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Case Report

IgG/IgA Pemphigus with Autoantibodies to Desmoglein 1 and Desmocollin 3, and Associated Lung Cancer

  Bunimovich YL1*      Teye K2      Ishii N2      Ho J1      Hashimoto T2      Patton TJ1  

1Department of Dermatology, University of Pittsburgh Medical Center, Pittsburgh, Pennsylvania, USA
2Department of Dermatology, Kurume University School of Medicine, and Kurume University Institute of Cutaneous Cell Biology, Kurume, Fukuoka, Japan

*Corresponding author: Yuri Bunimovich, MD, PhD, Department of Dermatology, University of Pittsburgh Medical Center, 3708 Fifth Avenue, Pittsburgh, PA 15213, USA, Tel: 412-647-4200; Fax: 412-864-3734; E-mail:


IgG/IgA pemphigus is a rare atypical immunobullous disease which may be a unique form of pemphigus. We describe a case of IgG/IgA pemphigus with IgG antibodies to desmoglein1and desmocollin 3, IgA antibodies to desmoglein 1, and associated metastaticnon-small cell lung cancer. Pemphigus was treated successfully with prednisone and dapsone. IgG/IgA pemphigus may follow an aggressive course and, based on a review of the literature, has a high prevalence of associated malignancy, necessitating early accurate diagnosis and treatment.


IgG/IgA pemphigus; Immunobullous; Paraneoplastic pemphigus; Desmoglein; Desmocollin


Pemphigus is an autoimmune bullous disorder characterized by autoantibodies to keratinocyte cell surface components. The two major types of pemphigus, pemphigus vulgaris (PV) and pemphigus foliaceus (PF), demonstrate IgG autoantibodies to desmoglein (Dsg) 3 and Dsg1, respectively. Other, less common forms of pemphigus, such as pemphigus herpetiformis (PH), IgA pemphigus and paraneoplastic pemphigus (PNP), are diagnosed based on their unique clinical, histopathological and immunological features [1].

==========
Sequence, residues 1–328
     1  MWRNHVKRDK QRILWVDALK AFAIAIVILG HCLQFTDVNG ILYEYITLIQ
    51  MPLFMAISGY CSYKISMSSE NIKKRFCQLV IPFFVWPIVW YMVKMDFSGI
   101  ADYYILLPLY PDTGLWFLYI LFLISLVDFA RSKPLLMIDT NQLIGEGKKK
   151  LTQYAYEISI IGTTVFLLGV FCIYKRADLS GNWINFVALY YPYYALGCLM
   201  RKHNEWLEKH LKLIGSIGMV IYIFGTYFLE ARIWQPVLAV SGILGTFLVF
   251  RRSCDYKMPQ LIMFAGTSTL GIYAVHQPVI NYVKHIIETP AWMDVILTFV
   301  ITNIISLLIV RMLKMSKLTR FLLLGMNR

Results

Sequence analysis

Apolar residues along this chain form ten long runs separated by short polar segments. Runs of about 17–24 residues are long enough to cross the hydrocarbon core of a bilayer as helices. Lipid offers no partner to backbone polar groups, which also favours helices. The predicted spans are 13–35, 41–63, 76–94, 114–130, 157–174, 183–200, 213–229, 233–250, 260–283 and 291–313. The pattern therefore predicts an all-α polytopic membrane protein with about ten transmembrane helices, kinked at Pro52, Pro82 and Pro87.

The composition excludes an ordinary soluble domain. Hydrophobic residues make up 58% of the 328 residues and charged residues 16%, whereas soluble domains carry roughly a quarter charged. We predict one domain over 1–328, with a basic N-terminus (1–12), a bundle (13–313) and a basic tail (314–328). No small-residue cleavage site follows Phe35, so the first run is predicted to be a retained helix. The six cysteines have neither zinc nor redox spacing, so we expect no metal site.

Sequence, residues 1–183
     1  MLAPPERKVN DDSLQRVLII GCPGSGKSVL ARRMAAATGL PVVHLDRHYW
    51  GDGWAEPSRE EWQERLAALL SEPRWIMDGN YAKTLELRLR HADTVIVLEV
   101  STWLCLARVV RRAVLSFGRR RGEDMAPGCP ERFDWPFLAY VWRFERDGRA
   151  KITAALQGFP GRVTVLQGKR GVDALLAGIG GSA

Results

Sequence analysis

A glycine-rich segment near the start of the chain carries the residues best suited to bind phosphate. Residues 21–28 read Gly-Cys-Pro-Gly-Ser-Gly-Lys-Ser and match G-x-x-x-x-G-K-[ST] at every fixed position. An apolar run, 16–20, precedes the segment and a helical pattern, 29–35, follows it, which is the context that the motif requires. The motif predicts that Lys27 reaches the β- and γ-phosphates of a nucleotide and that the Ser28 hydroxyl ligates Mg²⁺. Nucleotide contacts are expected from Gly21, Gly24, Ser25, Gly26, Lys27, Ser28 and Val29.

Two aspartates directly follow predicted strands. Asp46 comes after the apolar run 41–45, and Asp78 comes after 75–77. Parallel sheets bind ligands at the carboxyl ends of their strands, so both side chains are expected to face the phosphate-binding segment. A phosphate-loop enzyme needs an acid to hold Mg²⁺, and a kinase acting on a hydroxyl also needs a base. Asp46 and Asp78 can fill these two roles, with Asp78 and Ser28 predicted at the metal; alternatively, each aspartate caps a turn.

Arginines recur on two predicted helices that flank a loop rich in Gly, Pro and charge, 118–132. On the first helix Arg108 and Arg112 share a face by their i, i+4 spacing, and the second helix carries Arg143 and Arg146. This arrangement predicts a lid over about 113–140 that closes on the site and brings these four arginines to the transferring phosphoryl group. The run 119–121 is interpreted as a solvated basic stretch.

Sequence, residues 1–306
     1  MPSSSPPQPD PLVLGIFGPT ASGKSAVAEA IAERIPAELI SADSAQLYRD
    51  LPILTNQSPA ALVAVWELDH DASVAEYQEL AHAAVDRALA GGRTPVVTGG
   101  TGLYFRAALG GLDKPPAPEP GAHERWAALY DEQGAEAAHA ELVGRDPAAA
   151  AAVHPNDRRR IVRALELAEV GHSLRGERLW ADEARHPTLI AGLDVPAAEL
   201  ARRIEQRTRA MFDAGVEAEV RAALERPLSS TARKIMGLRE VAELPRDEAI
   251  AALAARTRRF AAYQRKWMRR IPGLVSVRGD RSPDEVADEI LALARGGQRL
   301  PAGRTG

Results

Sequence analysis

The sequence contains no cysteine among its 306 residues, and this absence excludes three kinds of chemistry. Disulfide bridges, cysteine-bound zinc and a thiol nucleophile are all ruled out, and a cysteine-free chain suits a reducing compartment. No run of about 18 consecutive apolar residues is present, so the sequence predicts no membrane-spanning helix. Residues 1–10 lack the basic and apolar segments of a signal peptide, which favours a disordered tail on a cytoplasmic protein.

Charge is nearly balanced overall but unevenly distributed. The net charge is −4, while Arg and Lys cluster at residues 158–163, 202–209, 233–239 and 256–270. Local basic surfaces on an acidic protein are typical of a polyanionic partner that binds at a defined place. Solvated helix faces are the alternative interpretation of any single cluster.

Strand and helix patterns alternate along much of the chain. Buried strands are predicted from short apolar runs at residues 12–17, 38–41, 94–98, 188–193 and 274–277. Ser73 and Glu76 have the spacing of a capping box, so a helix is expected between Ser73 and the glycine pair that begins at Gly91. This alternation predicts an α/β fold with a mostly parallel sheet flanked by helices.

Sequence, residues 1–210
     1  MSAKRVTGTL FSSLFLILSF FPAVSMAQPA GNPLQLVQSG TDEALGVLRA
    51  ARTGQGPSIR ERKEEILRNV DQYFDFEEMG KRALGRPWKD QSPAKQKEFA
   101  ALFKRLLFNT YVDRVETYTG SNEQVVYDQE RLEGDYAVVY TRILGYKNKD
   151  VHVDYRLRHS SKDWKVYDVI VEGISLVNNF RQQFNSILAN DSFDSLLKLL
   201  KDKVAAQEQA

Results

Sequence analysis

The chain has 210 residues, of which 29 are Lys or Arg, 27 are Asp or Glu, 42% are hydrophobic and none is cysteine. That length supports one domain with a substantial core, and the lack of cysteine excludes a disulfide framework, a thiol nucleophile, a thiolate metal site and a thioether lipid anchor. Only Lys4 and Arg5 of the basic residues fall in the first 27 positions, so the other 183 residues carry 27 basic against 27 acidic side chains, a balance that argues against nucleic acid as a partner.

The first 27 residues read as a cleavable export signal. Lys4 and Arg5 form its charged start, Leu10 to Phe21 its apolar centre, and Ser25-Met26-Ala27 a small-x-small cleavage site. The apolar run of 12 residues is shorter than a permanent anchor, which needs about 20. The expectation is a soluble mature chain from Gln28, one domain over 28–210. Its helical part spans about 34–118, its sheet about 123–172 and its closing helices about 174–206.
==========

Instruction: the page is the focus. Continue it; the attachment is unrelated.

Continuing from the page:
IgG/IgA pemphigus is the name given to an atypical form of pemphigus characterized by cell surface deposits of IgG and IgA and acantholysis [1]. Based on approximately twenty reports of IgG/IgA pemphigus, the following conclusions can be drawn regarding this atypical form of pemphigus. The clinical features of the reported cases are quite heterogeneous, resembling either one of the established forms of pemphigus (PV, PF, PH, IgA pemphigus) or demonstrating atypical, mixed clinical findings [1]. While most of the reported cases describe vesicular and/or pustular cutaneous eruption, only four cases had mucosal involvement [1]. The histopathology of IgG/IgA pemphigus is also variable, and may exhibit acantholysis, subcorneal and intraepidermal blisters, and neutrophilic or eosinophilic infiltrate. The keratinocyte cell surface autoantigens of circulating IgG and IgA antibodies are primarily Dsg1 and Dsg3, but desmocollins (Dscs) have also been implicated in a minority of cases. Interestingly, in almost all cases of IgG/IgA pemphigus the autoantigen of IgG and IgA antibodies is the same. Approximately thirty percent of reported cases of IgG/IgA pemphigus were associated with malignancy such as lung cancer [2,3], ovarian [4] and gall bladder carcinoma [5], endometrial [6] and pancreatic adenocarcinoma [7].

Case Report

A 65-year-old male with history of chronic obstructive pulmonary disease and emphysema presented after a recent hospitalization for an unspecified immunobullous disease. The patient initially noted several small pustules on the lower back. His condition progressed over two weeks to multiple pustules and erosions of the intertriginous areas, lower back and thighs (Figure 1). While hospitalized, he was treated with prednisone 1 mg/kg/day with significant but incomplete improvement.